The book comprises an introduction on the contemporary context we live and dialogue that it entails, four chapters that develop the argument and a short epilogue on the Bosnian ‘model’ of co-existence and the need for us to remember and share good practice. The introduction begins with a recognition that 9/11 has fundamentally changed our world and reoriented people to the Qurʾan to ‘make sense of what happened’. Shah-Kazemi wants to re-appropriate the Qurʾan for spiritual, ethical and universal ends, snatching it away from the clutches of ideology and ‘political’ Islam. This represents a continuity of his traditionalist approach towards spirituality and away from ideology, privileging the immutable and transcendent and placing the transient and modern in its ‘rightful’ place. Consistent with his perennialism, drawing from the thought of Frithjof Schuon is the notion that tolerance and inter-subjectivity need to be founded upon transcendent norms and points of meeting: the ‘true’ religious tradition of Islam is both universal and particular. Clearly, perennialist metaphysics lie at the heart of the ethics, epistemology and even politics that Shah-Kazemi espouses in the work. Since the study involves readings of the Qurʾan, chapter one advocates a Sufi hermeneutics of the school of Ibn ʿArabī (and indeed of the perennialist masters) against the ‘hermeneutics of suspicion’ offered by the neo-Nietzschean postmodern tradition represented by Derrida and Ricoeur (and some of those influenced by them such as Arkoun). The Sufi tradition is complex, graded and open to the other, embracing the other while articulating its own historical particularity. For Shah-Kazemi, against reform minded Muslim thinkers, traditional hermeneutics does not privilege historical precedents but represents a more rigorous means of understanding the text than postmodern approaches, an ethical defence of tradition that draws upon MacIntyre (but not Gadamer). At the core of Sufi hermeneutics lies taʾwīl and the interpretation of tradition rooted in direct experience, explicitly denied by both Kantians and postmoderns. While one does expect the chapter to provide an exhaustive analysis of comparative hermeneutics (and one expects the author to be selective in favour of his argument), postmodern hermeneutics is given rather short shrift. Derrida is dismissed far too easily and the fruitful approach of Catholic postmodern philosophers such as Richard Kearney, Jean-Luc Marion and John Caputo not engaged at all, figures who have important insights on the nature of faith, encounter, revelation and scripture. In his position that the hermeneutics of Ibn ʿArabī is both inclusive and exclusive, Shah-Kazemi perpetuates the insight of William Chittick in his earlier Imaginal Worlds (SUNY Press, 1994).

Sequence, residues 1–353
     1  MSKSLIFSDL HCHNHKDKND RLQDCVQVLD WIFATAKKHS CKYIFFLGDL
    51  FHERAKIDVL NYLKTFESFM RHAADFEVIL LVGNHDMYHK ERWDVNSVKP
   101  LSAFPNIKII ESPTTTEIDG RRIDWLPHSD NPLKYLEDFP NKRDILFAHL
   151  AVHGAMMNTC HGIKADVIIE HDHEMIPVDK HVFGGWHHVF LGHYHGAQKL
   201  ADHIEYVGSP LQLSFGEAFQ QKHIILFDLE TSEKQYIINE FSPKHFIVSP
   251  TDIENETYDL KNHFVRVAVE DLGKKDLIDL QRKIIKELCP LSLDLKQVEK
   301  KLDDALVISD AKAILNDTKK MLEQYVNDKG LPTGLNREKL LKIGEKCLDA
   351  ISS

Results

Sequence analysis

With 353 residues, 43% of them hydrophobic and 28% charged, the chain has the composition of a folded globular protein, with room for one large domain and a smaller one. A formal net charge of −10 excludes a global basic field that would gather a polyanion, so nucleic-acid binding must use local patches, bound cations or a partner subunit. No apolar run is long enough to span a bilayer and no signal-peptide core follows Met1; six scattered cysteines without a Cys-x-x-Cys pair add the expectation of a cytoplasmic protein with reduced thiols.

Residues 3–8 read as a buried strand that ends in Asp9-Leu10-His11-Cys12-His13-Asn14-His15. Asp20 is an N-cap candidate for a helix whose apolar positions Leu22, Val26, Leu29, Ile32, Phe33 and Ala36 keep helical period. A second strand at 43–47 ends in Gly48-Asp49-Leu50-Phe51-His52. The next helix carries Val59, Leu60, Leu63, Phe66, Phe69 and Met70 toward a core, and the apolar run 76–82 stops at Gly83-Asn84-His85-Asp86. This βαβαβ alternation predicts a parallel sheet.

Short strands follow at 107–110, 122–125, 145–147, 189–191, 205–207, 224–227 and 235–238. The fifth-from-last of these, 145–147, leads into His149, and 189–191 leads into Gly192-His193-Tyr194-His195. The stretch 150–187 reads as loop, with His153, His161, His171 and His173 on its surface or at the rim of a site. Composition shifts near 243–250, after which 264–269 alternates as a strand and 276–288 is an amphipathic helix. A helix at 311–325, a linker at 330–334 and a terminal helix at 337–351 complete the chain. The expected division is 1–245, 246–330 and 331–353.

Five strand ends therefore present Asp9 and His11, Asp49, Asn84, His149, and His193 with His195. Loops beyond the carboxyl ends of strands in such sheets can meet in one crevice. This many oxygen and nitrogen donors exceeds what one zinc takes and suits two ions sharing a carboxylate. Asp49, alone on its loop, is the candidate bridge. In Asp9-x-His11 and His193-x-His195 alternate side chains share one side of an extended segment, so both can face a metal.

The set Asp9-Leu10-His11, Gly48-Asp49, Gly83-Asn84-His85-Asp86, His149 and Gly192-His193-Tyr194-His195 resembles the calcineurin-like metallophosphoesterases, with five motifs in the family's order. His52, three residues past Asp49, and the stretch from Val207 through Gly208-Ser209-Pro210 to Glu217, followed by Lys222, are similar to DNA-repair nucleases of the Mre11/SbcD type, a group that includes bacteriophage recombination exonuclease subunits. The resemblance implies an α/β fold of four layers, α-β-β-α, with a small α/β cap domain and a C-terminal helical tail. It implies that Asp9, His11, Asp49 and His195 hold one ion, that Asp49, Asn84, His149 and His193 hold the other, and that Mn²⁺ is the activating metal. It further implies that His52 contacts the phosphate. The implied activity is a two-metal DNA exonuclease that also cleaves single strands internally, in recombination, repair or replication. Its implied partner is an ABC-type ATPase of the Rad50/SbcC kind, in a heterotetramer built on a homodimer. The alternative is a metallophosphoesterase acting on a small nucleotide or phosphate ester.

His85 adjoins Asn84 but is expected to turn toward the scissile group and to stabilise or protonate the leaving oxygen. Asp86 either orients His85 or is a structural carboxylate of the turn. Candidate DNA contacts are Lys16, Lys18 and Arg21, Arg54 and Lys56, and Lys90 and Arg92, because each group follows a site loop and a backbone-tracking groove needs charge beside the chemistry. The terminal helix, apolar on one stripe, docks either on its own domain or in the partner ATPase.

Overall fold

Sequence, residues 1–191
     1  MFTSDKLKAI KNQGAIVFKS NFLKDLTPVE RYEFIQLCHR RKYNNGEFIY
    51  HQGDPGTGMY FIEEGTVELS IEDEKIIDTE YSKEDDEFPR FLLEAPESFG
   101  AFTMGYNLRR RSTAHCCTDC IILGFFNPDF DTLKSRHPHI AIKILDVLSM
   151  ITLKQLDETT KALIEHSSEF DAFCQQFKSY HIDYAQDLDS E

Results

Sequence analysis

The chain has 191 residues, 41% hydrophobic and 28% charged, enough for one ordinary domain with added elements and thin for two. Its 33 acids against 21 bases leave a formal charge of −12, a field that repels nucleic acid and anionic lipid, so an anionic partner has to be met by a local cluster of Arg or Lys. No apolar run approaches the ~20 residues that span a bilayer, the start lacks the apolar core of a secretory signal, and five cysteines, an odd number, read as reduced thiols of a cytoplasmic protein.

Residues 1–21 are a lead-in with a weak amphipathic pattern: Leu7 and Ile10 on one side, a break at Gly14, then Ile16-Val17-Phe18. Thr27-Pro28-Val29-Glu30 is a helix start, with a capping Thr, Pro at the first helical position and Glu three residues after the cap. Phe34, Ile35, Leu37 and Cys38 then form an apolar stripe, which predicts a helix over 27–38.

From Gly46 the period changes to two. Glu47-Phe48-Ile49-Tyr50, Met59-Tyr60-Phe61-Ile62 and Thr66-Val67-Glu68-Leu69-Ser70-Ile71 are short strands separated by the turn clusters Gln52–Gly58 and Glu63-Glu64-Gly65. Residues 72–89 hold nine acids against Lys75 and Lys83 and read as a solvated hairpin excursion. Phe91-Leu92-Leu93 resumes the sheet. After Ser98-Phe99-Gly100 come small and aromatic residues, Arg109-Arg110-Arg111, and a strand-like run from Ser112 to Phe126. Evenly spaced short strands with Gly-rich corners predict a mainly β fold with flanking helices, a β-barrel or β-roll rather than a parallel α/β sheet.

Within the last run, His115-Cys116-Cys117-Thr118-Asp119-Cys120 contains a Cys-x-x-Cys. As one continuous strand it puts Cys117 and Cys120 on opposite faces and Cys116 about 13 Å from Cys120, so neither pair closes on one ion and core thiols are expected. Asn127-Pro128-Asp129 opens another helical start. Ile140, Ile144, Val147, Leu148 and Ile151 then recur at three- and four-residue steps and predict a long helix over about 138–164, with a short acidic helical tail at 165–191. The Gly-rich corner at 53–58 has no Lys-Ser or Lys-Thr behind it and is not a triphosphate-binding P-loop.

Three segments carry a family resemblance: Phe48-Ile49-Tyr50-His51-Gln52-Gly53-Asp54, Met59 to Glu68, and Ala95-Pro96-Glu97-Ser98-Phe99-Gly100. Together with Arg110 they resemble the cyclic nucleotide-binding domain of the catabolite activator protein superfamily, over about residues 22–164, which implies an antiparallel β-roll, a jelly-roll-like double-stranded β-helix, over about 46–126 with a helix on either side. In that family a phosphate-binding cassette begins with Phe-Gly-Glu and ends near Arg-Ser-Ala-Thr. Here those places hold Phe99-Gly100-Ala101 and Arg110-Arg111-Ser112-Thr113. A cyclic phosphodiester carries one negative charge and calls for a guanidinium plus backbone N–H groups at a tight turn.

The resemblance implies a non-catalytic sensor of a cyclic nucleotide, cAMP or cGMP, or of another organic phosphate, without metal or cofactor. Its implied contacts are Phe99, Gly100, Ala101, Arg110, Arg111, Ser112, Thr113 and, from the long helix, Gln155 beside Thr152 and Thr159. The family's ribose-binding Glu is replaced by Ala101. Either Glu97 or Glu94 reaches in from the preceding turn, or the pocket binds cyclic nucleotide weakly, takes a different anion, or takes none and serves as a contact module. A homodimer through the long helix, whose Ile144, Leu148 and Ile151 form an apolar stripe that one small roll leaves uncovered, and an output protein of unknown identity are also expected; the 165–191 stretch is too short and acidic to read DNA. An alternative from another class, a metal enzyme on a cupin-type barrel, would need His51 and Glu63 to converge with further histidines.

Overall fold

Chapter two develops the notion of the encounter with the other rooted in the metaphysics of reality and hermeneutics of Sufism articulated in chapter one. The ontological imperative of the Sufi reading of Islam’s central doctrine of tawḥīd is taken to entail the embrace of the other as part of the whole. One reality suggests the negation of duality and alterity which would raise a problem for dialogue. However, the Sufi tradition does not posit a simplistic, even substantive, monism. The transcendence of God alongside his immanence expressed in the divine names and signs suggest that an unreflective monism would not be a fruitful understanding of tawḥīd. Rather, they point towards a position of seeing the many in light of the one, the idea of a hermeneutics of tashkīk or graded and multiple singularity expressed by the Safavid thinker Mullā Ṣadrā (d. c. 1635). This notion of degrees of reality and degrees of interpretation is implicit in the school of Ibn ʿArabī. Dialogue therefore emerges out of the dynamic between the degrees of reality, and between the ‘faces’ of God, aspects of his majesty and beauty (jalāl, jamāl, yin/yang). Interfaith dialogue is an expression of this metaphysics and transcends the literal contradictions of the differing truth claims of dogmatic theological traditions with respect to reality and the afterlife. The acceptance of the medieval coincidentia oppositorum as a mode of transcending the Aristotelian law of non-contradiction will mean that epistemologists will find it hard to see in this chapter a serious foundation for a universalist and particularist reading of reality.